“The heat stands out?” Daisy asks, surprised Amory would remember such a detail.

“Yeah, I guess because the room felt really stuffy. I liked our guardian. He was nice. Later, when the other kids were mean to me or Riley, we would run to his office and hide under his desk. He never cared if we did that.” Amory trails on, lost in childhood images that she can never fully neutralize.

“Yeah, I remember Miles. You two were lucky to have him as your guardian,” Daisy says. “Your needle’s not floating. Was there an earlier, similar situation where you had a break in reality?” Her question is piercing, reminding Amory to be careful.

Amory can’t leave until her needle is floating. But she begins to feel indifferent about the e-meter and the marker that dances across the screen.

Amory closes her eyes, giving herself a moment to think. She doesn’t know what to do anymore. She’s starting to wonder if having relationships with her family and friends is worth the effort. She feels so tired. Her head rocks in a small circle, like a baby soothing itself.

She opens her eyes and sees where she is. She can’t muster up the strength to just walk out, so she says, “Yeah, you know, in 1860 … I was an assistant for a magician, and you know what … he locked me in a box as part of a trick. He started to saw the box in half. He wasn’t supposed to cut me, but the trick went really wrong. He ended up cutting me in half and I died.”

“So, you were put in a box?” Daisy is skeptical. She believes in past life experiences, of course, but she has also used the strategy of making up stories to end sessions. When she sees Amory’s eyes look up and to the right, she thinks Amory is lying, and she will not let her succeed in deceiving The Church. Daisy persists, “Describe the moment in detail.”

Amory continues, “Yeah … just my head, hands and feet were sticking out of it.”

Daisy doesn’t care what the needle says, so she doesn’t even look. She won’t let Amory win that easily. She says, “Your needle’s not floating. Was there an earlier, similar situation you were put in something?”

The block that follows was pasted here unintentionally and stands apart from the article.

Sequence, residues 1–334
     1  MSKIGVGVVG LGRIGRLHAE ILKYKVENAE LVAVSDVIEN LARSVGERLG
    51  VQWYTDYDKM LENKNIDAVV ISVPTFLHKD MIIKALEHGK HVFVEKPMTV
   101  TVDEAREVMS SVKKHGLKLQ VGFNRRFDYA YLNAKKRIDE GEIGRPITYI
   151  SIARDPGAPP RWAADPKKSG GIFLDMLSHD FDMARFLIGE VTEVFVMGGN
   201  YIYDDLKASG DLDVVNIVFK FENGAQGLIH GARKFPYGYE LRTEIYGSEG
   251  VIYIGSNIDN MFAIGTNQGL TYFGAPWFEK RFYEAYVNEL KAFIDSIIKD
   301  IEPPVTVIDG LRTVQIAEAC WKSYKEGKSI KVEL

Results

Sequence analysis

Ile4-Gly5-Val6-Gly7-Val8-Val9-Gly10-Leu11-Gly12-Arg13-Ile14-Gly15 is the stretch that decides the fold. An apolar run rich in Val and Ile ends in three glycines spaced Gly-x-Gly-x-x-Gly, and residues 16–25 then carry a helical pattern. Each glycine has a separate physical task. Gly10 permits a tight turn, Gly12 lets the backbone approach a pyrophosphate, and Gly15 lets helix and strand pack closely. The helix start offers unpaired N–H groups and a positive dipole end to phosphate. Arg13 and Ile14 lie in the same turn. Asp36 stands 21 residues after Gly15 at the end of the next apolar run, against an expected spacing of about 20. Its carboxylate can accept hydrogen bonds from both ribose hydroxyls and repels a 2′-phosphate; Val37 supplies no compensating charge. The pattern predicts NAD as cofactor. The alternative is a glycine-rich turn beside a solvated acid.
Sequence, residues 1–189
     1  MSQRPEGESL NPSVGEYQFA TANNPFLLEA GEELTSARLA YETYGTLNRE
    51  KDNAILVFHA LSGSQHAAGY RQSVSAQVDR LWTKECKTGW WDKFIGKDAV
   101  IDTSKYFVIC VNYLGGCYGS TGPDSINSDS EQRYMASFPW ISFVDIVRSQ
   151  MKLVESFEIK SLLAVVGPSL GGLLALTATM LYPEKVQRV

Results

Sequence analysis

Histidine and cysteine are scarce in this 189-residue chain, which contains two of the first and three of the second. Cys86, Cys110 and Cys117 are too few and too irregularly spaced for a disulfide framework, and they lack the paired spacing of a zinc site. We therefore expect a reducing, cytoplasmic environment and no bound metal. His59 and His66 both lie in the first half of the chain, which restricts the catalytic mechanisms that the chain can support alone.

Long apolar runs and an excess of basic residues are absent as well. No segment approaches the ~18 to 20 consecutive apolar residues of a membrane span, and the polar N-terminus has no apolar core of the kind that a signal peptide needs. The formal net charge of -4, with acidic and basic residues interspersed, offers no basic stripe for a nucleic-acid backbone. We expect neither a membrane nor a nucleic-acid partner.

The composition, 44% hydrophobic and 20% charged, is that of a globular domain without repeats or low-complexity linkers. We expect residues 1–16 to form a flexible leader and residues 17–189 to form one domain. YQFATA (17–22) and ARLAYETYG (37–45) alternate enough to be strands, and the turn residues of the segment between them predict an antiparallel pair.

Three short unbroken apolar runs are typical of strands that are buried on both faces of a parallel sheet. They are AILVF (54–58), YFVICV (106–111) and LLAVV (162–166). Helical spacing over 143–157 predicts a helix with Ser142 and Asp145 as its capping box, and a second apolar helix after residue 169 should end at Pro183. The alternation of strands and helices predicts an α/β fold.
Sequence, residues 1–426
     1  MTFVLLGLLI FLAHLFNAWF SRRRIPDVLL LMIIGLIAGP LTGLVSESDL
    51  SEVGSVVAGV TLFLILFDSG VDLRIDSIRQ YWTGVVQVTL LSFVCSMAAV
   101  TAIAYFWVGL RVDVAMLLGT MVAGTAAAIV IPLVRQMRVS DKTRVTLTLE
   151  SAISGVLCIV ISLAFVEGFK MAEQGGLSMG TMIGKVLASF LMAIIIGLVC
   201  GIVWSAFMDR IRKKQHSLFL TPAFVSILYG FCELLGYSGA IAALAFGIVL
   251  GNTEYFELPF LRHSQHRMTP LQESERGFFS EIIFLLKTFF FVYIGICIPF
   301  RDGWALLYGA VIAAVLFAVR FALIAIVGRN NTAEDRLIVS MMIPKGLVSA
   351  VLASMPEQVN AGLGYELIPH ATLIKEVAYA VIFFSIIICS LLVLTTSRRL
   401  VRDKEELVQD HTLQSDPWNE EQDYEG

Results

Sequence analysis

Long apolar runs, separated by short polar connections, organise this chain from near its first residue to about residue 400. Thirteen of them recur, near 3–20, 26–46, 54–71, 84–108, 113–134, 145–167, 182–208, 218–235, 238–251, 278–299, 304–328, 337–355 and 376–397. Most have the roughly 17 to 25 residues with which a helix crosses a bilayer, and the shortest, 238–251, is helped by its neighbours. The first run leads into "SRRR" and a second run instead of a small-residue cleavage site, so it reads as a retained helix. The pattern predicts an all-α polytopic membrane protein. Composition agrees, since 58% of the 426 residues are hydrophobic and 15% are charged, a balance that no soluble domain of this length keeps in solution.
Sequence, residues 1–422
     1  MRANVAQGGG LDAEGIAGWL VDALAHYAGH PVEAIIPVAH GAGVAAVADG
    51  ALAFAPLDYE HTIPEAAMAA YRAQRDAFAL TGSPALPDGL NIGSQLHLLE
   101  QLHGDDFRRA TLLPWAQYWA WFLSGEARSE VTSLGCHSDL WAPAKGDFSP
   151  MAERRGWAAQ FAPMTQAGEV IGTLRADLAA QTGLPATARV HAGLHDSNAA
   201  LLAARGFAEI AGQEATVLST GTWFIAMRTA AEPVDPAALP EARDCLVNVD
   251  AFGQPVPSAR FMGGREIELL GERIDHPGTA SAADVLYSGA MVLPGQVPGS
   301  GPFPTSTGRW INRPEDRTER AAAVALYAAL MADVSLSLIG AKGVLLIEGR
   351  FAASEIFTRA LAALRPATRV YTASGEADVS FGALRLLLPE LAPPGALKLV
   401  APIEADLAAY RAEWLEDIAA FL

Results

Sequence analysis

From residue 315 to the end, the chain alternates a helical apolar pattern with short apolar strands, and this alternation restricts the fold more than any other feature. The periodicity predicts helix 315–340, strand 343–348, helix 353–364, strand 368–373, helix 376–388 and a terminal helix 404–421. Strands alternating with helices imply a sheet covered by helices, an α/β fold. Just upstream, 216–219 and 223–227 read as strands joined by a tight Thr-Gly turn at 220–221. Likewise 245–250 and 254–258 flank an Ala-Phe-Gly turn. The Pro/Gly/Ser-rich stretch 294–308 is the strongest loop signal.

Amory feels stronger. She begins to have fun with her charade. “Let me think … yeah, in 1580 I was locked in the Tower of London.”

“What did you do?”

Maybe Daisy does believe her—Amory can no longer tell. She is too wrapped up in her own story. She remembers a book she read once years ago and says, “Let me see … I was the wrong religion. There was a big revolution, and I was a Catholic who was loyal to the old king. So they locked me up in the Tower. They didn’t give me anything to eat, so I starved to death. It was a horrible way to go.”

“Your needle’s not floating. Was there an earlier, similar time you were put in something?” For Daisy, the truth is the tech, the process that controls everything. Good and bad is not rigidly defined—the only thing that matters is the greatest good for the greatest number of dynamics. She follows the exact process detailed in LRH’s directive and won’t allow herself to make any mistakes. Daisy will make Amory lie to discover the truth.

The session goes on for hours. Daisy keeps her there through the night, determined to take the tech as far as it will go. She goes through all of the commands, following up with even the slightest reading.

“Your needle’s not floating. Was there an earlier, similar time?” Her words echo in Amory’s ears, like a constant refrain that will never cease. “Your needle’s not floating. Was there an earlier, similar time?”

She makes Amory spin stories for hours. Amory is so delirious by the end that her words have turned to gibberish.

“Your needle’s not floating. Was there an earlier, similar time?”

Amory’s body slouches in her chair, and it takes every ounce of her strength to remain upright. But Daisy looks as if she could keep going for days.

“Your needle’s not floating. Was there an earlier, similar time?”

As the sun begins to ascend the horizon, Daisy says, “Thank you, your needle is floating.” With that, Daisy stands up and leaves the room without another word.

Scenes from the Next:

Amory meets a new stranger.

Scene 41: Comm Ev

Daisy stands before Amory’s Comm Ev committee, summoned to give them an update on the status of the case. This is the first convening of the group which will determine Amory’s future.

Previously On:

Daisy catches Adam and Amory in an intimate moment.

Last Lines: She must continue her strategy of routing out properly if she ever wants to build a real life for herself one day.

Daisy stands before Amory’s Comm Ev committee, summoned to give them an update on the status of the case. This is the first convening of the group which will determine Amory’s future. Daisy’s hands guard the file of evidence and hold it close to her chest. Each of the uniforms in the room is perfectly pressed, the creases in the sleeves holding firm through each slight movement.

Daisy stands straight upright, her heels lightly touching and her shoulder blades arching in towards each other. She has convinced herself that she must do whatever it takes to get Amory thrown in the RPF, that The Church is in danger otherwise. And she is here to plead her case.

One of the uniforms asks her, “How is the Int Rundown progressing?”